“The Reasons Why Many Change Programmes Fail”

Part 6

A Legacy of Previous Change

This month I’m looking at another reason why significant change programmes fail. That is where organisations have tackled significant change programmes ineffectively and have left the business with an overriding feeling that any other change initiative won’t work next time.

We have been helping large organisations managing significant change programmes for many years and it still amazes me how many senior, intelligent people are reluctant to embark upon improvement programmes, because they have had bad experiences in the past.

The first thing to point out at this stage is… we all have to look at ourselves and our businesses and ask the question and give an honest answer.

“Was it the programme or the way we implemented it?”

I always remember a key lesson when I was a manager in Proctor and Gamble. Back in the day, we had embarked upon TPM (Total Productive Maintenance) and it had never reached the expectations that were desired. It wasn’t the programme TPM itself, but we looked at ourselves and realised it was the way we had tried to implement it.

We had fallen into the trap of “giving ownership” of TPM to the Engineering community. So, of course, it became an engineering project managed by engineers for engineers and operated within the silo of the “World of Engineering”.

Engineers are highly skilled and a highly respected part of a manufacturing community and do a great job of running and leading maintenance programmes and design projects for production equipment of its infrastructure…but “Engineering Thinking”, logical and pragmatic, isn’t always appropriate for shifting the thinking of the masses.

The diagram shows that failure is rarely a complete failure (blue line), but more a peak and then dip to some gains (yellow line), but nowhere near that transformation the programme should have been (green line).

We went back to the drawing board, employed the Japanese Institute of Plant Management (JIPM) to train and coach us and to my amazement we completely redesigned the programme. We called it Integrated Work Systems and immediately started to engage the whole workforce. The rest is history and IWS is still the process that encapsulates all initiatives and improvement across the total organisation.

Incidentally, I was an internal consultant that pioneered IWS and we at NewLeaf International use many of the lessons learnt in those days!

Symptoms of a bad legacy of change.

Below is a list of the top symptoms we see when previous programmes haven’t reach their full potential?

These are all real experiences.

1. Change for the wrong reason. A CEO wanted to implement a productive improvement initiative to reassure customers that the business was in great shape and focused on quality. A great idea, but the 3000 employees engaged in the programme, didn’t understand the need.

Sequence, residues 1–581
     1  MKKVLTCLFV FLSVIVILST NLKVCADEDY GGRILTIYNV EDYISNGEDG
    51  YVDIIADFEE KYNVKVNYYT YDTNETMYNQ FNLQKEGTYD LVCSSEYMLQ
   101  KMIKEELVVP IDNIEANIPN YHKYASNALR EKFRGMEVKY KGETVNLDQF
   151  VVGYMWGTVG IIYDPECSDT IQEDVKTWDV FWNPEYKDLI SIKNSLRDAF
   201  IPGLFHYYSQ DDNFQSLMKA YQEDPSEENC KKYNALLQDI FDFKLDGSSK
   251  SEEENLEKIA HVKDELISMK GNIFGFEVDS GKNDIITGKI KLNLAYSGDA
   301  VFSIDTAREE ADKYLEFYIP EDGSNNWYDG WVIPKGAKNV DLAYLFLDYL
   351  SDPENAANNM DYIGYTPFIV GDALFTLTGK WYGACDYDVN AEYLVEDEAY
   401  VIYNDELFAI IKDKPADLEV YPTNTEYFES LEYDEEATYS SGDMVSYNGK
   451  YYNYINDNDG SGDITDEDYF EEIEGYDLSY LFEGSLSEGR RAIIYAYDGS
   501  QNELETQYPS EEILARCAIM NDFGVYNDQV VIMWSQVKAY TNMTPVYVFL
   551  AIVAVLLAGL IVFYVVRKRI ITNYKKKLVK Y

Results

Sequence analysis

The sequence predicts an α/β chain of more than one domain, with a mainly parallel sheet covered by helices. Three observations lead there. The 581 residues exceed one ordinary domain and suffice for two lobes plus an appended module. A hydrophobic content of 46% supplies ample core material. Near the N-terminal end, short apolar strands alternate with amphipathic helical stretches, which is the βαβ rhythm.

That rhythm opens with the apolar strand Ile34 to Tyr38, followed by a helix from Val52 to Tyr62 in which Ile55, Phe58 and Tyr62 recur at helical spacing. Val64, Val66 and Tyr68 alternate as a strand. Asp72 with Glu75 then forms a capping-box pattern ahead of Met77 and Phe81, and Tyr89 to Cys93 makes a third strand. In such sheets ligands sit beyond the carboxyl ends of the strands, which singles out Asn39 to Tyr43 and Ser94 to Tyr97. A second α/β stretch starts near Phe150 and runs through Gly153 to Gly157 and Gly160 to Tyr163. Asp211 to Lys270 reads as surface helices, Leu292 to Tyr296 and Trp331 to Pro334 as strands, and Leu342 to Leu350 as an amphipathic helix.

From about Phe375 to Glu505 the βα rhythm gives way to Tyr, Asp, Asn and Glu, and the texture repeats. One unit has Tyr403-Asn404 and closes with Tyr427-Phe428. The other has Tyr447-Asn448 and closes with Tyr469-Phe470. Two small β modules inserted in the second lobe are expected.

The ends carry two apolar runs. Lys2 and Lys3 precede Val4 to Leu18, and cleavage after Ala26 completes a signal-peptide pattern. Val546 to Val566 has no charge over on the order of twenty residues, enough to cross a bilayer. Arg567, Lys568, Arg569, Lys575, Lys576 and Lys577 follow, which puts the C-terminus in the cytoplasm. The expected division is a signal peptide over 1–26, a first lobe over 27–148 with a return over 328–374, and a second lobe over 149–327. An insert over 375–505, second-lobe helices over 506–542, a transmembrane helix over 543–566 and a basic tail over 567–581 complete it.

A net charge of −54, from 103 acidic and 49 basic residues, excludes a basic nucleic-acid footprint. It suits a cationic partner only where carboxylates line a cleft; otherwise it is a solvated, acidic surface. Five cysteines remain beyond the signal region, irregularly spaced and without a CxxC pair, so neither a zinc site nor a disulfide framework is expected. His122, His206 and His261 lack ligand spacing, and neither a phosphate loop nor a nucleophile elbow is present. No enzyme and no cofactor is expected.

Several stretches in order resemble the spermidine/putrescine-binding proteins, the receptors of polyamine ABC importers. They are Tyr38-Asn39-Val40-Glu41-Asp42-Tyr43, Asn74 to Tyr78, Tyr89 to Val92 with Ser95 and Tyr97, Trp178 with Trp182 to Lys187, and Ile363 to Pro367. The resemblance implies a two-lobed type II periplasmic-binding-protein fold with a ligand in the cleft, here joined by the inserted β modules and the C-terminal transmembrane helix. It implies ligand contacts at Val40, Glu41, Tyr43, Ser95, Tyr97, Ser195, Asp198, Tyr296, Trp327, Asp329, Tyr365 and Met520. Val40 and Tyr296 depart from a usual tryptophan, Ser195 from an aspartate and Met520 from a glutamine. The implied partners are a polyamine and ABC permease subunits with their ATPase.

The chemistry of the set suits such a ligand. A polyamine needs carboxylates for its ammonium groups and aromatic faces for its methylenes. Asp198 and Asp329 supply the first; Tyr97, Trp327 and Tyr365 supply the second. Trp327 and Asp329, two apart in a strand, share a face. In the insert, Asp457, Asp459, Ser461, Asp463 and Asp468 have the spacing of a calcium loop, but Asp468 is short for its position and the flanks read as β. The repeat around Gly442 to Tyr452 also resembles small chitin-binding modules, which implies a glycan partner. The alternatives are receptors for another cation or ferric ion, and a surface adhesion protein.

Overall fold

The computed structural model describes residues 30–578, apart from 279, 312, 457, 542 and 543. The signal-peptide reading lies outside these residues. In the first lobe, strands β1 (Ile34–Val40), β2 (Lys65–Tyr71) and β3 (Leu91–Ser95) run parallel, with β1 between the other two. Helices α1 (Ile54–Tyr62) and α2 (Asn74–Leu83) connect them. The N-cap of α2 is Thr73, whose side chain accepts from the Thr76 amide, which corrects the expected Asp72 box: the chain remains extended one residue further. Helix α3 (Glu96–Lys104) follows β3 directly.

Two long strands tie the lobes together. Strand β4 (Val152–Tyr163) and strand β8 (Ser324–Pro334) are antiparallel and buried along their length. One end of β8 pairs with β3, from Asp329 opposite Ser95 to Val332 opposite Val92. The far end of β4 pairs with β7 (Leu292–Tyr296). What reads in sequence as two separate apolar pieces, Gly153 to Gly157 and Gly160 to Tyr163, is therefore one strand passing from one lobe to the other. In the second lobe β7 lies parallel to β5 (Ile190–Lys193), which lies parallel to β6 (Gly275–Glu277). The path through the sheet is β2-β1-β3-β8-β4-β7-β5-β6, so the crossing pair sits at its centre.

2. Poor Leadership Control. The senior managers agree and sanction a programme of improvement and then sit back and expect the rest of the workforce to implement changes and think differently, but don’t see the importance of being involved themselves and leading by example.

3. Lack of focus. The new initiative is one of many and not designed to “integrate” into the existing programme. Ideally, like P&G they should have had one umbrella programme to capture all improvements

4. Realistic timescales. There are many examples of companies trying to run significant programmes over a one year timescale. This is usually created by budgets being driven annually. Significant programmes take a minimum of 18 months to implement the processes and 18 months to embed and sustain

5. Pitching the programme at the wrong level in the business. This happens a lot. Complex programmes of projects and development of new skills to problem solve complex issues, but most of the workforce, including most managers are drowning in day to day simple problems.

6. Owned by the wrong leaders. Like in the introduction, if a programme is resourced by Engineers it will be an Engineering programme, likewise, accountants, IT experts etc. Silos need to be broken down. Significant programmes, need a cross functional team of senior managers acting as a steering team. Too often programmes are left to one group of people.

If you would like to know more about how NewLeaf International helps organisations with Business Improvement and significant Organisational Development programmes, please make contact for an informal chat.

Martin Gummery, Managing Director, NewLeaf International Ltd

Tel: 01905 425209

Email: headoffice@newleafinter.co.uk